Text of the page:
I sent out a request to those who've experienced annulment firsthand to share their stories; this is the first one in.
Allow me to introduce you to Candace. She runs Popes and Pirates blog on Blogspot. Curious about her blog name? I was, too, until I found out why her aptly named slice of the internet had a pretty amusing story behind it. Click here to satiate your curiosity! She also writes about parenting, her miscarriage experience and going (and staying!) green.
Candace was kind enough to share her annulment story with you fine folks. Please feel free to leave questions in the combox (you may stay anonymous!). I ask that you leave questions there so other readers can benefit from Candace's responses. I've had several readers write in to ask about annulments, but since I don't have direct experience, I was hoping others who did would share! Thanks, Candace!
Without further ado:
The Marriage That Never Was
Most of my friends and family know that I was "married before." My ex husband and I dated for five years before we married. We lived together beforehand, and although we were both cradle Catholics, neither one of us lived a very religious life. We had a Catholic wedding ceremony, attended the required Pre-Cana training months before, and then continued on with life as we normally had. Nothing we learned or experienced changed our thoughts or feelings about the values our lives should hold important, or what marriage meant.
We civilly divorced less than two years after our wedding day. We chose to do this as amicably as possible. We had no children and didn't share any bank accounts or property, so the physical separation was easier than many couples experience. I didn't begin the Catholic process of annulment until two years after that, when technically, I was already civilly remarried to my husband.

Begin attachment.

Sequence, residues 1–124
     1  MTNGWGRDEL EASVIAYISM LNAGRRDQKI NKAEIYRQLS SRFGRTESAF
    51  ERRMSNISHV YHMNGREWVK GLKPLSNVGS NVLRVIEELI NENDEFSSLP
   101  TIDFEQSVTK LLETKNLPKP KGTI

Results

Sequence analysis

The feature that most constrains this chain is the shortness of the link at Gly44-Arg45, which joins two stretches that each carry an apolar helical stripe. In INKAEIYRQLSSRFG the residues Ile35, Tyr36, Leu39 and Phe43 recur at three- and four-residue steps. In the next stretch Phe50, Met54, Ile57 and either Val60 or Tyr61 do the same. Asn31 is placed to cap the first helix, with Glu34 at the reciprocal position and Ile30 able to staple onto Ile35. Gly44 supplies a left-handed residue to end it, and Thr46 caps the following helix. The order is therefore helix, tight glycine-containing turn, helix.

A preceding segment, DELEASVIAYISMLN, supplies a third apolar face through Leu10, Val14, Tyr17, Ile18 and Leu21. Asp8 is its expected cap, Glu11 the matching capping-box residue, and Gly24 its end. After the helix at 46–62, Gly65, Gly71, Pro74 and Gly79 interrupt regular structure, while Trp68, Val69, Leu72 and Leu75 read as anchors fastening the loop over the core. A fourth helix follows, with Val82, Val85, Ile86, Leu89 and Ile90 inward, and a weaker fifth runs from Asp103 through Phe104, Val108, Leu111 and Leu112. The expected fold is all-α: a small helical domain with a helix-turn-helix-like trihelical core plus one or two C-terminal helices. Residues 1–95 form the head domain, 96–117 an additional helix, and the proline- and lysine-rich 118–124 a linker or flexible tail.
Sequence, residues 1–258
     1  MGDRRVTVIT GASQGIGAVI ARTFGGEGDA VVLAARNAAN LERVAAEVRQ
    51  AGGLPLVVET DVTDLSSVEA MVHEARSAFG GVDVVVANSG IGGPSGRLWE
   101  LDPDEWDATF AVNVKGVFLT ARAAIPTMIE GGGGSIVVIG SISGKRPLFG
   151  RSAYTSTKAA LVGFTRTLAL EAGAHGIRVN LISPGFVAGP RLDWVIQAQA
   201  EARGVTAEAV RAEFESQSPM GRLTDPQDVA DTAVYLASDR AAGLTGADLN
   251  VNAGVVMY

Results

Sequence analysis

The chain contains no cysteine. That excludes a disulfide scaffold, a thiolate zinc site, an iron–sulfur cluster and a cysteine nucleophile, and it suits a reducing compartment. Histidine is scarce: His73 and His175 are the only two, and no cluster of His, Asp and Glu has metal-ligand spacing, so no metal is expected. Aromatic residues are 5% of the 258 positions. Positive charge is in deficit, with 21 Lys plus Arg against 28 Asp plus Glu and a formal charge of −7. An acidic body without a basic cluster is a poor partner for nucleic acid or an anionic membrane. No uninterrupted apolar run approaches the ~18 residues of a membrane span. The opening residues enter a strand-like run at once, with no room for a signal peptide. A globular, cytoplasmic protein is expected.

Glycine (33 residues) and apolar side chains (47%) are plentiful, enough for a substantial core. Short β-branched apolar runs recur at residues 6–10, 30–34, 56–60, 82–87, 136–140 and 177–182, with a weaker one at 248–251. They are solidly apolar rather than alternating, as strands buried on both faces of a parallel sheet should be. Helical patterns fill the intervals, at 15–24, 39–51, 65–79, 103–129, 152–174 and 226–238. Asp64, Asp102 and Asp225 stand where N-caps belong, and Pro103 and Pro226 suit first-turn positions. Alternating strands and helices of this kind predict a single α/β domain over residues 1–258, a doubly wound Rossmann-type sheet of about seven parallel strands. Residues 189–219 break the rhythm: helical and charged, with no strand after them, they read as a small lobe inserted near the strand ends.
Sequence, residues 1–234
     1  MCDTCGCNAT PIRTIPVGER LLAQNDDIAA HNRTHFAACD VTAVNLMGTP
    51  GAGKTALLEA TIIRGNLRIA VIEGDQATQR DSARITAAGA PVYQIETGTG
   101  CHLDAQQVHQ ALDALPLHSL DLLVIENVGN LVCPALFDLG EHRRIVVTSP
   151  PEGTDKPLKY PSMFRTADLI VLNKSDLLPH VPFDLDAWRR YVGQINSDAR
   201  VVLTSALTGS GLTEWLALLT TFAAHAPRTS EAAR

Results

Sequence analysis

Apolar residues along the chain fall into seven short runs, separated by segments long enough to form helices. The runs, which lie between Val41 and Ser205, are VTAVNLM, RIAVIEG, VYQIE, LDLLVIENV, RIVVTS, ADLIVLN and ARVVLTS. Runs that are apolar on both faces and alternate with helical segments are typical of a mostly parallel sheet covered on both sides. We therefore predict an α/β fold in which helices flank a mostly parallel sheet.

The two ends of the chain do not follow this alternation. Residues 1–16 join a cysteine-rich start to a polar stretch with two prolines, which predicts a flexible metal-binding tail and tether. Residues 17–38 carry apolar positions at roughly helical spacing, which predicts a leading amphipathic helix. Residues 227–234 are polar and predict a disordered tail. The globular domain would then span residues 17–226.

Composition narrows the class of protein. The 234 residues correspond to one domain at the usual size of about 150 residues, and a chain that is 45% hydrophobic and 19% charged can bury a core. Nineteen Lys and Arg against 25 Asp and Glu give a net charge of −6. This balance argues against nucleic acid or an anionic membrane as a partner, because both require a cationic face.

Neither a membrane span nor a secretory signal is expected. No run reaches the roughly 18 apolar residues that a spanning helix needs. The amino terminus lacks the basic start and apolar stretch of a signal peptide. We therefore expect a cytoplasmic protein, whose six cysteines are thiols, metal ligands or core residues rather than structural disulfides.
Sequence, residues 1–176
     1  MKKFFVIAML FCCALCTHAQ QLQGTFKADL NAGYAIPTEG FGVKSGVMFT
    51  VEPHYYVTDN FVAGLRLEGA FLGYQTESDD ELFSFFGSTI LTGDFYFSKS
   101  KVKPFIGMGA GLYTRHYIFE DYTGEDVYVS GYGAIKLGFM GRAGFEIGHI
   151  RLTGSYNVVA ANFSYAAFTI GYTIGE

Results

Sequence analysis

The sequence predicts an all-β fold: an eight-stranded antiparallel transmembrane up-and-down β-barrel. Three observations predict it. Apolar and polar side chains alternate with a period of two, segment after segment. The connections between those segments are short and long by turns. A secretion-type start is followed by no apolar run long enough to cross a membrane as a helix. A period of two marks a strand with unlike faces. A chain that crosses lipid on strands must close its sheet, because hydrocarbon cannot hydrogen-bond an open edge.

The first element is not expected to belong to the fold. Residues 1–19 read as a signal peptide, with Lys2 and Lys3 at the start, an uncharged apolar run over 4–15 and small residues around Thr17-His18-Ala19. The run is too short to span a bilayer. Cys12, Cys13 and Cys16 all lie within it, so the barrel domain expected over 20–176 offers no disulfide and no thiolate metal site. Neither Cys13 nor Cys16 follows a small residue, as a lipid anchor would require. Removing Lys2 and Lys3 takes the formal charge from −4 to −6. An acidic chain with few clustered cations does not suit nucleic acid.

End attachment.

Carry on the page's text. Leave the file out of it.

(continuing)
The process of civil divorce is quite different than the process of annulment in the Catholic church. Depending on the state you live in, civil divorce is mostly about filing the correct paperwork and paying the required fees. Divorce doesn't actually exist in the Catholic church. Annulment means that your marriage never truly happened. It was missing one or more of the required pieces to make it binding in the first place.
Many people believe that if you offer the church enough money, you can get an annulment no matter what. This is simply false. I paid nothing to the Church in the process of my annulment. Others offer large donations, but there is no guarantee what the results will be. You have to wait and hope throughout the process.
And process it is. You are required to meet with a priest who is part of a marriage tribunal and verbally recount your story. You also do this in writing. Your ex spouse is also encouraged to participate. Other friends and family on both sides are asked for their testimony. It can take years. Mine took two years from start to finish. Every piece to this process is inspected closely to come up with a final determination. There is a back and forth with the responses to each inquiry.
It is a challenge to wait, especially if you have already moved forward with another relationship in your life. I also couldn't receive communion during this time which made me feel like I was missing out on the grace that might help me get through this ordeal. But, I feel it was totally worth it. There were many times I simply wanted to give up and tried to convince myself it didn't matter. But, deep down I knew it did. You are forced to make peace with your past and this is a blessing in itself. My husband and I celebrated when my annulment was granted, and then began the next phase of having our marriage recognized.
To all those contemplating starting this process, or who are already in it, stay the course. No matter the result you may find consolation and healing. Pray often and ask Mary for help and courage to make it through. I will be praying for you as well.